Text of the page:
Paraguay, an institutional chaos

It was heard in all the international organizations that have their headquarters in Washington – the International Monetary Fund, the World Bank, the IDB – and for that reason it was later found in all the “recipes” that came from the famous Washington Consensus.

That phrase was already found in the works of the influential Nobel Laureate in Economics, the North American Douglass North, in which it was emphasized that institutional changes were much more important than technological ones to explain the economic development of countries. The word “institution” is “polysemic”, that is, it has several meanings and for this reason it is convenient to clarify those meanings for those who think about development.

The first meaning is that of being rules, norms, that order the relationships between people in a society. These rules are the Constitution, laws and decrees.

The second meaning is that of being organizations, such as the Legislative Power, responsible for promulgating the norms; the Executive Power, responsible for respecting them, and the Judicial Power, responsible for punishing those who have violated them.

There is an institutional problem in a country when regulations are promulgated without seeking the common good, when citizens do not respect them or when those who violate them are not punished.

Seeing what is happening daily in Paraguay and in recent weeks, specifically with the fuel problem, we can affirm, without a doubt, that in our country we are living in true institutional chaos, due to the non-functioning of our institutions.

The truckers blocked the routes violating article 41 of the Constitution, which guarantees the right of people to travel freely throughout the national territory, and the Executive Branch did nothing.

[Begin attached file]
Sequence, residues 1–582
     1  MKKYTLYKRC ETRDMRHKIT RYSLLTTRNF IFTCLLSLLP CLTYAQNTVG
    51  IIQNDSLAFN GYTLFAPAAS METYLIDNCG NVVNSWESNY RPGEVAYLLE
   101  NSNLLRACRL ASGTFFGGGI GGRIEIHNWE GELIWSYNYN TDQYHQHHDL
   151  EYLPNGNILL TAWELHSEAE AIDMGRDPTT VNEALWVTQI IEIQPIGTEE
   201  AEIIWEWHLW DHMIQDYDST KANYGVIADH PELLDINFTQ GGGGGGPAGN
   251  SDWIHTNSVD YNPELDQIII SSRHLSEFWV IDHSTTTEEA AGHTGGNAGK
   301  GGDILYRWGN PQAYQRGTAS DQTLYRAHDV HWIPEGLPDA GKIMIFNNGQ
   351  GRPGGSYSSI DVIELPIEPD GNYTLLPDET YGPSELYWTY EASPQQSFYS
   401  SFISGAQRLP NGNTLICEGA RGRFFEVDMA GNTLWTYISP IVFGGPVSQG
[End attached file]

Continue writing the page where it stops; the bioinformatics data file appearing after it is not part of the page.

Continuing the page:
Congress, yielding to the blackmail of the truckers, sanctioned a fuel law where Petropar is subsidized, violating the Constitution in its article 107, where free competition is guaranteed and the artificial lowering of prices is prohibited.

This unconstitutional law was not only not vetoed, but it was promulgated in 24 hours by the Executive Power and it was not declared unconstitutional by the Judiciary either… really an institutional chaos.

Returning to the beginning of this article, let us remember that development scholars attach enormous importance to institutional quality and stability; that is, to the norms.

These regulations, in addition to ordering the relationship between people, can generate incentives or disincentives for national or foreign private actors to make investments that are the main lever for economic growth and job creation.

Let us remember that investment is a bet on the future, it is putting money in the present trusting in recovering it with profits in the future. To generate this trust, it is essential that the rules of the game are not permanently and, above all, radically modified.

The countries of the world today are divided between those that attract investment and those that repel investment, consequently between countries that grow and develop and countries that stagnate and become poorer. Unfortunately, a large part of the countries of Latin America are in this second group.

If we want the development of our country we have to make profound changes in the functioning of the three powers of the State, for which the promulgation of new laws is not required, but rather their unrestricted submission to what the Constitution requires of them.

If we continue as before, our future will be chaos and poverty; if we change, we can aspire to order and development.

We would like to thank the writer of this write-up for this outstanding material

Paraguay, an institutional chaos